The 2021 National Budget did not proffer adequate interventions to bring relief to local businesses and inspire growth into the economy; instead it focused on replenishing dwindling tax revenue streams to meet government expenditure.
It was bound to be a delicate balancing act to which the Finance Minister, Professor Mthuli Ncube rather ended up aggravating the corona virus blow which micro-businesses are yet to recover from.
A US$30 monthly presumptive tax per unit on micro-businesses operating from partitioned units will definitely come as a double blow.
“A number of enterprises operate from designated business premises where the landlords are either Local Authorities or private property owners such as the Gulf Complex and Kwame Nkrumah Mall, among others,”
“Their place of business is, thus, comprised of partitioned units in commercial buildings. The fixed nature of business, thus, presents an opportunity for the tax administration to improve tax collections from presumptive taxes. I, therefore, propose to introduce a presumptive tax of an equivalent of US$30 per unit per month,” said Ncube.
An increase in presumptive taxes will affect transport operators, hairdressers, informal traders, cross-border traders, restaurant operators and bottle stores and cottage industries among others.
From a fiscal point of view, the Finance minister had limited options to source revenue from given the depressed state of the economy but on the flipside, the SMEs segment which comprises of minute business operations will struggle to cope as it was already struggling to meet rental and other operational costs prior to the announcement.
Moreover, for the better part of the year, these small businesses were shut down as they were deemed non-essential service providers.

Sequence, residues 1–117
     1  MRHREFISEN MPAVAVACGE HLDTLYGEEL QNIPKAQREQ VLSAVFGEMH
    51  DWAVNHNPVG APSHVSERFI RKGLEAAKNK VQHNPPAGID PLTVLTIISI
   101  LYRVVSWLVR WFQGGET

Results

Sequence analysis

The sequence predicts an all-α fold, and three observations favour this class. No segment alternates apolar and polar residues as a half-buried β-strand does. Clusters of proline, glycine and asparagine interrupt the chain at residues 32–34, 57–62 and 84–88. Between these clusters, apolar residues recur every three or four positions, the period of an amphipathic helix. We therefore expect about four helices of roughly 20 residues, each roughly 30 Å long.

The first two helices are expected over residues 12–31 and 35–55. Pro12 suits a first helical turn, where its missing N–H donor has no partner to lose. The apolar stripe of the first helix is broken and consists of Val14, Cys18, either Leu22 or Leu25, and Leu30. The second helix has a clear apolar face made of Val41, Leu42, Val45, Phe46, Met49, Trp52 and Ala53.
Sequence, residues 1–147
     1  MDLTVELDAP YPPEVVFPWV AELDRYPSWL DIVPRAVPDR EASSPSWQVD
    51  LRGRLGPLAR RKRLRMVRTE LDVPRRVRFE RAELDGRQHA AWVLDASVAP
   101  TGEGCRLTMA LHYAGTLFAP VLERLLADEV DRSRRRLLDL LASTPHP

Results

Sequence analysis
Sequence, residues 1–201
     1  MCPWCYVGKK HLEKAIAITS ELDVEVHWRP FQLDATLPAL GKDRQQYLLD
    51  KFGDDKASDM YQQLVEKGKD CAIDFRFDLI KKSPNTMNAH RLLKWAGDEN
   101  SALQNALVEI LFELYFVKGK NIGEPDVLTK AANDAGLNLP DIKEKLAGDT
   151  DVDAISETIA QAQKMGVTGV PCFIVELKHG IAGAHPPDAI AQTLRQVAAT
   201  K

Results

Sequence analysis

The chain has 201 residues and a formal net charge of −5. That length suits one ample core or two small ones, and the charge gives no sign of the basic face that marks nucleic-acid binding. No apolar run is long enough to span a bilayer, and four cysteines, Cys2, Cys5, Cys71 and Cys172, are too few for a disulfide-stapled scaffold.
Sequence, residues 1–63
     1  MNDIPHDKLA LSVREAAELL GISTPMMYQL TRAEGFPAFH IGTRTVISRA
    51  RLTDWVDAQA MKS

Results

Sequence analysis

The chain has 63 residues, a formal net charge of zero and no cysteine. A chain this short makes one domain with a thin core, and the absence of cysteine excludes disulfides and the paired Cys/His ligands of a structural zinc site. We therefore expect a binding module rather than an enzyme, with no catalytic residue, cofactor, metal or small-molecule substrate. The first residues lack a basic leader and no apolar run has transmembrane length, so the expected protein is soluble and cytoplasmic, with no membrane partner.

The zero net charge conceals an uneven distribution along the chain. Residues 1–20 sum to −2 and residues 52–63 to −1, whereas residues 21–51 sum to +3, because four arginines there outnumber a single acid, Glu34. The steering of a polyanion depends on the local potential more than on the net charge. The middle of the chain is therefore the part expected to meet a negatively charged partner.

There are fears that the latest development will force micro-businesses into devising ways of evading this fixed tax thereby pushing more business into the informal market.
Market watchers were already wary of the Intermediated Money Transfer Tax (IMTT) which they argued that it had become a major cost driver for businesses and wanted it scrapped.
In contrast, the Minister marginally increased the tax-free threshold from the current ZWL$300 to ZWL$500 and the maximum tax payable per transaction by corporates from the current ZWL$25 000 to ZWL$800 000 on transactions with values exceeding ZWL$40 million while transactions in foreign currency maintained the tax-free threshold of US$5.
“Due to stability in exchange rate we are likely to see revenue in companies stagnating but they are going to start falling soon because of the IMTT and the high bank charges regime that is currently prevailing in the country. The economy is going to enter stagflation or even recession,” said SMEs Association, executive officer Farai Mutambanengwe.
“We are going to see increasing dollarization and informalisation again because of high taxation,” he added.
The upward review of the Petroleum Importers’ Levy to USD$0.05 a litre on both diesel and petrol from ZW$1.147 and ZW$3.441 per litre of diesel and petrol, respectively, is likely to push price of fuel up, spiking inflation.
Most noticeable in this budget, is the penchant for taxing in American Dollars that is likely to cause problems going forward.
Analysts say authorities are signaling conflicting signs when on one end they are taxing locals in foreign currency yet they are pushing for the establishment of the local currency on the other end.
As a result, disposable incomes, which are predominantly in local currency are likely to suffer erosion as businesses will naturally raise prices to meet US$ tax obligations.